PMCID: PMC3119892  PMID: 21443992
Food outlets; rural; fast food; convenience store; field validation; obesity
23.  Smoking motives in movies are important for understanding adolescent smoking: A preliminary investigation 
Nicotine & Tobacco Research  2010;12(8):850-854.
Exposure to smoking in movies is strongly associated with smoking uptake and maintenance among adolescents. However, little is known about what features of movies (e.g., the context for smoking or motives for a character smoking) moderate the association between exposure to movie smoking and adolescent smoking. This laboratory study examined whether exposure to movie smoking that is portrayed as having a clear motive is associated with the desire to smoke differently than smoking that is portrayed as having no clear motive.
A sample of 77 middle school students (mean age of 12.8 years, 62% male, 60% Caucasian) viewed movie clips that portrayed smoking as helping to facilitate social interaction, to relax, to appear rebellious, or as having no clear motive. After exposure to each clip, participants rated their desire to smoke.
Exposure to clips where smoking was portrayed as helping characters to relax was associated with a significantly stronger desire to smoke compared with clips where the motive for smoking was unclear. Desire to smoke was similar for clips where no motive was clear, social smoking clips, and rebellious smoking clips.
These results suggest that the way that smoking is portrayed in movies is important in determining its effect on adolescent smoking.
PMCID: PMC2917740  PMID: 20576800
24.  Burnout among early-career clinical investigators 
Burnout is a pervasive problem among clinicians. However, little is known about burnout among early-career clinical investigators, who must balance clinical responsibilities with challenges related to research. We aimed to determine the prevalence of and demographic associations with burnout in a cohort of early-career clinical investigators.
A cross-sectional questionnaire was administered to 179 trainees at the University of Pittsburgh Institute for Clinical Research Education in 2007-2008. We used chi-square analyses and Fisher’s exact test to determine whether associations between demographic characteristics and burnout were significant.
Of the participants, 29 (16%) reported feeling burned out. Burnout was more prevalent among those over 35 years of age relative to their younger counterparts (29% vs. 13%, p=.01) and among females relative to males (22% vs. 10%, p=.03). With regard to race and ethnicity, burnout was most common among underrepresented minorities (30%) followed by Caucasians (18%) and Asians (3%); these differences were significant (p=.02).
Considering the early-career status of these research trainees, rates of burnout were concerning. Certain demographic subgroups—including older trainees, females, and underrepresented minorities—had particularly high rates of burnout and may benefit from interventions that provide them with skills needed to sustain successful clinical research careers.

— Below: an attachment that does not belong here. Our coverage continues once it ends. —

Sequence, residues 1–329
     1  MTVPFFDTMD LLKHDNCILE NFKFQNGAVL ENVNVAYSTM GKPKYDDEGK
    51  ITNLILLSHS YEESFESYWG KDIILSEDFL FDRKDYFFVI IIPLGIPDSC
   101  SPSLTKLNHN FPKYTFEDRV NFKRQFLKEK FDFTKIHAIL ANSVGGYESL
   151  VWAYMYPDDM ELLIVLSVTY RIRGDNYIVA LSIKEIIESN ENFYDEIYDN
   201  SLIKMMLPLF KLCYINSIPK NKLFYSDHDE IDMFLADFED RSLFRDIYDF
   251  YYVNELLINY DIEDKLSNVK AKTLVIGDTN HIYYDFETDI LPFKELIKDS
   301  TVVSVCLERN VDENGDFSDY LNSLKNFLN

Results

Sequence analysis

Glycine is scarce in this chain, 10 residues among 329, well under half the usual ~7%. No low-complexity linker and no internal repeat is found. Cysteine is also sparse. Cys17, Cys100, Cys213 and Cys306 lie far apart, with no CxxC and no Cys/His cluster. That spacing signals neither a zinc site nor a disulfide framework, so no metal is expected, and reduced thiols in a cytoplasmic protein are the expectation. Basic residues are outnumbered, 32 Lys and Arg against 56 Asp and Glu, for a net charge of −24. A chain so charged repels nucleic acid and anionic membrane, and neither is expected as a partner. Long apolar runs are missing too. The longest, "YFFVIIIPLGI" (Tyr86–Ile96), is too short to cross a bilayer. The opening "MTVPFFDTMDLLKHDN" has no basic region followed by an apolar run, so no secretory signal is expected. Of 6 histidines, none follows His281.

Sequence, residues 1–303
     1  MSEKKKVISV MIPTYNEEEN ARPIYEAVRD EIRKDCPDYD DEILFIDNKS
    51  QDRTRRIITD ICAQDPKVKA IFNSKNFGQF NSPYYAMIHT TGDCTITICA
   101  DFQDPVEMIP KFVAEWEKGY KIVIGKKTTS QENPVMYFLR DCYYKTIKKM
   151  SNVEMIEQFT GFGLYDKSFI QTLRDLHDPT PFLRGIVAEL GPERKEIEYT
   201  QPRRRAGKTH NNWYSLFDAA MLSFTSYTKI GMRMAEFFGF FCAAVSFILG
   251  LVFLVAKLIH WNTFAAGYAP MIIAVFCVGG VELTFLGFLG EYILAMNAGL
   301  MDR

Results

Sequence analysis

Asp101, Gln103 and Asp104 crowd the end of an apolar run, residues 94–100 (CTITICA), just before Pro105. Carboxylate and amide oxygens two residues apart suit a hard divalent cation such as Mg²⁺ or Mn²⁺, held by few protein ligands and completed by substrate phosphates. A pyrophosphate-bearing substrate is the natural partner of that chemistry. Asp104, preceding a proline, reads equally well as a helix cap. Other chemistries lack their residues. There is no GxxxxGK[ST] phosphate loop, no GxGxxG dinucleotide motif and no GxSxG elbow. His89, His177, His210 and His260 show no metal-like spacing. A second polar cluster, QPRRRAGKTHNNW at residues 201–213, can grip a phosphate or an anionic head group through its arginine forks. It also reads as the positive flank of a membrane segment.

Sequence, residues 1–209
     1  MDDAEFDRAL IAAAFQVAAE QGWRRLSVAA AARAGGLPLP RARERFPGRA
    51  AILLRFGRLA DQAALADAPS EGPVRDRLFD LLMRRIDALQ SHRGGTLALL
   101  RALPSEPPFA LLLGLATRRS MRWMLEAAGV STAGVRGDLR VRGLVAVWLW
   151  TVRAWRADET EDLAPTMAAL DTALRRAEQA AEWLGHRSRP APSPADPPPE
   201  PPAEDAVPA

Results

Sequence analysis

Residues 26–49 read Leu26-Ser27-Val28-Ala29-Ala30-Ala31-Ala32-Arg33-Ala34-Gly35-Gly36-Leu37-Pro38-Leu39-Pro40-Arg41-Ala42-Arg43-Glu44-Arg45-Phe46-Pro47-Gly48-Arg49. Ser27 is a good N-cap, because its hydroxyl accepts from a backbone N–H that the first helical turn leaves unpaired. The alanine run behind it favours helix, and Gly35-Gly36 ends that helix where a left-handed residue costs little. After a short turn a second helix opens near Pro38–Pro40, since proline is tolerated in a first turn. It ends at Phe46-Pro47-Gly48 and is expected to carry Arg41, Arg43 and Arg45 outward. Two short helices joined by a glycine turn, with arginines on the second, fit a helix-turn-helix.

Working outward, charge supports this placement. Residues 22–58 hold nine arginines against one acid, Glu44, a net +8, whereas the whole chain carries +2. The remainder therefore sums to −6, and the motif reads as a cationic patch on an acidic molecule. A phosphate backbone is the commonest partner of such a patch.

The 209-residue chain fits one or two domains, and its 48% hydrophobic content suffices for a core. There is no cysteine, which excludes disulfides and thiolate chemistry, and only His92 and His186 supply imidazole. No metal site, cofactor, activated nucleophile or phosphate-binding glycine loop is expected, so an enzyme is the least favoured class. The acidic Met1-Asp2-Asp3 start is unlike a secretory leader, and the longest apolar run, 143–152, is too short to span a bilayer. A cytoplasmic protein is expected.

PMCID: PMC2925292  PMID: 20718821
Burnout; clinical researchers; exhaustion; cynicism; under-represented minority; African-American; Hispanic; female; clinical research training programs
25.  College students and use of K2: an emerging drug of abuse in young persons 
K2 or "spice" has emerged as a popular legal alternative to marijuana among adolescents and young adults. However, no data has been published assessing prevalence of and associations with ever K2 use in any population. This study's aims were to examine prevalence of ever K2 use among a sample of college students, to determine characteristics of persons who use K2, and to access the association between K2 and other drug use.
Ever use of K2 was reported by 69 (8%) of the sample of 852 college students. Response rate was 36%. Bivariate and multivariate analyses assessed whether sociodemographic characteristics and other drug use were associated with ever use of K2. Ever use of K2 was reported by 69 (8%) of the sample. Among these 69 individuals, 61 (88%) had used a cigarette and 25 (36%) had used a hookah to smoke K2. In multivariate analyses, K2 use was more common in males (vs. females, adjusted Odds Ratio (aOR) = 2.0, 95% Confidence Interval (CI) = 1.2-3.5, p = 0.01) and 1st or 2nd year college students (vs. 3rd year or above, aOR = 2.4, 95% CI = 1.2-5.0, p = 0.02).
Ever use of K2 in this sample was higher than ever use of many other drugs of abuse that are commonly monitored in adolescents and young adults. Although DEA had banned five synthetic cannabinoids recently, clinicians and public health officials concerned with substance abuse in youth should be aware of and monitor the use of this drug in college students over time.
PMCID: PMC3142218  PMID: 21745369